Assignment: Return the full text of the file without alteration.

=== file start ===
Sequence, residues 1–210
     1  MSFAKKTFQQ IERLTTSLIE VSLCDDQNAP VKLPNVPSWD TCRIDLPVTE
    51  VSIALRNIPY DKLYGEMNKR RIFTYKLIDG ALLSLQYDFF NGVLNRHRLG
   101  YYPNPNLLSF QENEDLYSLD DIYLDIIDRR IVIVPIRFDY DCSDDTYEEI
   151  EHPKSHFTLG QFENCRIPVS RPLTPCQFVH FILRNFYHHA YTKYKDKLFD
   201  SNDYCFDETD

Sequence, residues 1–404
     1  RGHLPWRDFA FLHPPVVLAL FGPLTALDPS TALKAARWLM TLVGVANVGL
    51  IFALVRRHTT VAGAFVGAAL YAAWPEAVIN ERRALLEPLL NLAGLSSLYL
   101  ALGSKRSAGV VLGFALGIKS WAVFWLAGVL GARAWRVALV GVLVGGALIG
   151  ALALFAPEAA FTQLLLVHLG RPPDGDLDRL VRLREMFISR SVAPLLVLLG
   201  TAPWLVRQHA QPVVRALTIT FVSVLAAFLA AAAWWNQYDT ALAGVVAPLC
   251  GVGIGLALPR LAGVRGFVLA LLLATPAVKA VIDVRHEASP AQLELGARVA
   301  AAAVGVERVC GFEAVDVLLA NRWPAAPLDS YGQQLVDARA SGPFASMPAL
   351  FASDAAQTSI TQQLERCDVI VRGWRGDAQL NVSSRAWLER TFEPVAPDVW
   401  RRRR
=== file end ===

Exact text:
Sequence, residues 1–210
     1  MSFAKKTFQQ IERLTTSLIE VSLCDDQNAP VKLPNVPSWD TCRIDLPVTE
    51  VSIALRNIPY DKLYGEMNKR RIFTYKLIDG ALLSLQYDFF NGVLNRHRLG
   101  YYPNPNLLSF QENEDLYSLD DIYLDIIDRR IVIVPIRFDY DCSDDTYEEI
   151  EHPKSHFTLG QFENCRIPVS RPLTPCQFVH FILRNFYHHA YTKYKDKLFD
   201  SNDYCFDETD

Sequence, residues 1–404
     1  RGHLPWRDFA FLHPPVVLAL FGPLTALDPS TALKAARWLM TLVGVANVGL
    51  IFALVRRHTT VAGAFVGAAL YAAWPEAVIN ERRALLEPLL NLAGLSSLYL
   101  ALGSKRSAGV VLGFALGIKS WAVFWLAGVL GARAWRVALV GVLVGGALIG
   151  ALALFAPEAA FTQLLLVHLG RPPDGDLDRL VRLREMFISR SVAPLLVLLG
   201  TAPWLVRQHA QPVVRALTIT FVSVLAAFLA AAAWWNQYDT ALAGVVAPLC
   251  GVGIGLALPR LAGVRGFVLA LLLATPAVKA VIDVRHEASP AQLELGARVA
   301  AAAVGVERVC GFEAVDVLLA NRWPAAPLDS YGQQLVDARA SGPFASMPAL
   351  FASDAAQTSI TQQLERCDVI VRGWRGDAQL NVSSRAWLER TFEPVAPDVW
   401  RRRR